In Curry v. Synchrony Bank, N.A., No. 1:15CV322-LG-RHW, 2015 WL 7015311 (S.D. Miss. Nov. 12, 2015), Chief Judge Guirola granted Defendant Synchrony Bank, N.A.’s (“Synchrony”) motion to dismiss in its entirety because Plaintiff’s bare allegation that Synchrony used an automatic telephone dialing system (“ATDS”) to place calls to her cellular phone was not enough “to raise a right to relief above the speculative level in a TCPA action.” Id. at *1.
In doing so, the Court rejected Plaintiff’s argument that the mere volume of calls over a particular period of time was sufficient indicia of an ATDS to withstand a motion to dismiss. The Court held that a plaintiff must provide sufficient contextual details regarding the call or calls at issue. Id. at *2. The Court went on to suggest what those contextual details could be, including “the content of [the] calls, whether she spoke to a human, whether there was dead air prior to a human picking up the line, or any other facts which may tend to make the use of an ATDS more likely.” Id.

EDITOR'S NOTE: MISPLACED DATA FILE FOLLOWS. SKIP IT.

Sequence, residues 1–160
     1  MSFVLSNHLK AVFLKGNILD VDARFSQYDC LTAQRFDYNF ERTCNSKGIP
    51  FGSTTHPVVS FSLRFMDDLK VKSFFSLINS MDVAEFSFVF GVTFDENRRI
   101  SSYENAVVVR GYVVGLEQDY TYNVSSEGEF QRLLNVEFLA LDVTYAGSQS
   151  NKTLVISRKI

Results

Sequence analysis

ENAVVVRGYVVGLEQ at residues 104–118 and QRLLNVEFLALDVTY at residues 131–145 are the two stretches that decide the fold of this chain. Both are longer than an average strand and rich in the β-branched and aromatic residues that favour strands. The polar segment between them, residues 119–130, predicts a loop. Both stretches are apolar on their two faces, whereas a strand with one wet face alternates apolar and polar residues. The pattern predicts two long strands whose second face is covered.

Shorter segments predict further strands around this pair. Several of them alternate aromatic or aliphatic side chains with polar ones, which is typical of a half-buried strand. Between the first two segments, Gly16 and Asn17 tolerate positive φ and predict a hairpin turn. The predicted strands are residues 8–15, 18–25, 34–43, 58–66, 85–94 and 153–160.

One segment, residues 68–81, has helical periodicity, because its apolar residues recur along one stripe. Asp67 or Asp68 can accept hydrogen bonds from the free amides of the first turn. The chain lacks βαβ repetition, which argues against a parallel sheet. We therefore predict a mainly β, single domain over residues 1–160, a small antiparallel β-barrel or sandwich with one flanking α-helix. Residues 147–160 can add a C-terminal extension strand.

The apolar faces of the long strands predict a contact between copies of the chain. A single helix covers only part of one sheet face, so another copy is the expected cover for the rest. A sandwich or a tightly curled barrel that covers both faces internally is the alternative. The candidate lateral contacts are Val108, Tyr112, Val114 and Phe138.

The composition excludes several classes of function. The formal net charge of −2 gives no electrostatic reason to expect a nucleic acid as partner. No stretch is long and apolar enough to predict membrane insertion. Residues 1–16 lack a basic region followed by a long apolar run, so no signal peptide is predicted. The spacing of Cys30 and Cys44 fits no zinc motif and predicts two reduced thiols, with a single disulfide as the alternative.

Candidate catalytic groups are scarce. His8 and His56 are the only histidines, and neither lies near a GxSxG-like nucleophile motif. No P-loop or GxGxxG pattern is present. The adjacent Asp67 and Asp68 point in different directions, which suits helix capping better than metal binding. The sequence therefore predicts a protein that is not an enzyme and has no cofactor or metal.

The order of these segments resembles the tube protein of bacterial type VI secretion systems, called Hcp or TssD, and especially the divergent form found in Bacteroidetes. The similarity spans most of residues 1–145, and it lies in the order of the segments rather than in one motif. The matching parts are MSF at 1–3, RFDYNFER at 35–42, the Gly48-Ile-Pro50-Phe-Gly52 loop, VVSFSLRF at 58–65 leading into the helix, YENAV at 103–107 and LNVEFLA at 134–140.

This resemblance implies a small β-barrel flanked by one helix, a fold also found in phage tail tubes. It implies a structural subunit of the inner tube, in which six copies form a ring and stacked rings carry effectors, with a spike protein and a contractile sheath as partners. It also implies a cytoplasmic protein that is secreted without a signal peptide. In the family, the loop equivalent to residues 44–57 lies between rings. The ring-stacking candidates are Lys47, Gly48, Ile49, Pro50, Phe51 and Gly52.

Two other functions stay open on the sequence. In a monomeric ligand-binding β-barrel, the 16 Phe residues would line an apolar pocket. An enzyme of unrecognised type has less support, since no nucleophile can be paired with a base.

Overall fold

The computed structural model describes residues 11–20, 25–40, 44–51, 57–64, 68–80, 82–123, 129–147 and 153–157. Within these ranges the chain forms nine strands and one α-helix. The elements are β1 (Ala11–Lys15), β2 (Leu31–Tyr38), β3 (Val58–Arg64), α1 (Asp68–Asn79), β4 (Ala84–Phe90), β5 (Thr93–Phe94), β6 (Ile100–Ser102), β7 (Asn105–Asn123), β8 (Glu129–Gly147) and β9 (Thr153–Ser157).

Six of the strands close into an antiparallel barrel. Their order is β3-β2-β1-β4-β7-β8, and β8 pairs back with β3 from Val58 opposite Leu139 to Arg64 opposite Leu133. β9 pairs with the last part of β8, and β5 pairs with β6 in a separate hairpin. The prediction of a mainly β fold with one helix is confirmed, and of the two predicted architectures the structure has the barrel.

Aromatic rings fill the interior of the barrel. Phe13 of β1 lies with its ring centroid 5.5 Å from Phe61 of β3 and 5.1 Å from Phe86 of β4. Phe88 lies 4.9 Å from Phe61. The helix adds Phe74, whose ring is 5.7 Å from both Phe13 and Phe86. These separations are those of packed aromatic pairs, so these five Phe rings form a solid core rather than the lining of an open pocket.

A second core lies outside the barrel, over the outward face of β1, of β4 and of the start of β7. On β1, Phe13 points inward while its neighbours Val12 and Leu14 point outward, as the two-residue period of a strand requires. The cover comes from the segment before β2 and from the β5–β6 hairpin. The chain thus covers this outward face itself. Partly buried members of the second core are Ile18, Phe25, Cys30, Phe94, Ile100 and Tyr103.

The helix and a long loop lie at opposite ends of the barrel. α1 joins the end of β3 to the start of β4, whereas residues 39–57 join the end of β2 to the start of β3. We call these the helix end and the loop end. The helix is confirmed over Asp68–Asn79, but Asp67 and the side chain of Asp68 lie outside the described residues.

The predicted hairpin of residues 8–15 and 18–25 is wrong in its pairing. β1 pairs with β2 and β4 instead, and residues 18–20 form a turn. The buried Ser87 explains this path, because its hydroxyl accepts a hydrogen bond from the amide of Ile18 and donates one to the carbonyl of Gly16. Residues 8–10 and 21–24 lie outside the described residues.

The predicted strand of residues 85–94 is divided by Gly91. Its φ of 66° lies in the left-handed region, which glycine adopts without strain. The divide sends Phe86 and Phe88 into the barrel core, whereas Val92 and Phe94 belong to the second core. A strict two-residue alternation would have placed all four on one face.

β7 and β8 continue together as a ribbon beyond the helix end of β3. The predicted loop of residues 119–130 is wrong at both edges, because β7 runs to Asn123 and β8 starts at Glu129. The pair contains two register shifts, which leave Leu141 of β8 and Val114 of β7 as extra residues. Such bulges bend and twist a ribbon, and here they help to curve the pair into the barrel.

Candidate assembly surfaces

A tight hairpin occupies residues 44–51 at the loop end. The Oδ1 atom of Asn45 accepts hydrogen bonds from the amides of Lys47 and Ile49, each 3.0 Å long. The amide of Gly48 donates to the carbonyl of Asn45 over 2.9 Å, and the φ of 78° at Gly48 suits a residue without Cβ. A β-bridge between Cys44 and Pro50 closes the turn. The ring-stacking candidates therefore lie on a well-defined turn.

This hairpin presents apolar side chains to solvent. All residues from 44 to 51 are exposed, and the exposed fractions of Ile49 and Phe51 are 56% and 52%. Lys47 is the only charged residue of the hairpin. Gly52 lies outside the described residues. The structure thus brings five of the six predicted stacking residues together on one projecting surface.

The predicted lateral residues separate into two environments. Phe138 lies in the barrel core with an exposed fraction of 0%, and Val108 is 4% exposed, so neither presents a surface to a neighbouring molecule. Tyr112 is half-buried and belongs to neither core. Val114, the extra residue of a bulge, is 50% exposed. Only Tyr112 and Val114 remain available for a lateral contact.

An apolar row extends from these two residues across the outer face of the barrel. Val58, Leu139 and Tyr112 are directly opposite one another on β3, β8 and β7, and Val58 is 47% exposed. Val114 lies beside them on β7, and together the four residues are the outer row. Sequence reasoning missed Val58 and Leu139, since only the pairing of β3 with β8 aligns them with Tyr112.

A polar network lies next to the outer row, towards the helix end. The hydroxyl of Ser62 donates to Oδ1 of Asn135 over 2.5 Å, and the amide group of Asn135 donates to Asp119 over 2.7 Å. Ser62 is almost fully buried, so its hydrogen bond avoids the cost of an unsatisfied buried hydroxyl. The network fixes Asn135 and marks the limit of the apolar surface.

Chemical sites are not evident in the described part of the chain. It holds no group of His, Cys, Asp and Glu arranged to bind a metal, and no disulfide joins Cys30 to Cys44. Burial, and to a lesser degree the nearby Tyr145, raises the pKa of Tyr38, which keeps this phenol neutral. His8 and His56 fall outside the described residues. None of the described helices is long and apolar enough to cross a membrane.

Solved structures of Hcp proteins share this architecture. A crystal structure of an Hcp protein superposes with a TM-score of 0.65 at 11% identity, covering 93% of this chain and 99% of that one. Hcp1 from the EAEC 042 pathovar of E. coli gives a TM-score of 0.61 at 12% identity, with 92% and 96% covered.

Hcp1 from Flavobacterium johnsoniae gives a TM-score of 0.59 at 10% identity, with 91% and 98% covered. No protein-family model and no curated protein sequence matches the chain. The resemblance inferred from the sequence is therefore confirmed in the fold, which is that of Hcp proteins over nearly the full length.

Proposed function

This decision further confirms that some courts are unwilling to accept conclusory allegations without any contextual backdrop regarding the use of an ATDS. Courts have raised the bar and require allegations to go beyond merely following the statutory definition of an ATDS under the TCPA. Defense counsel should keep a watchful eye on allegations that an ATDS was in play.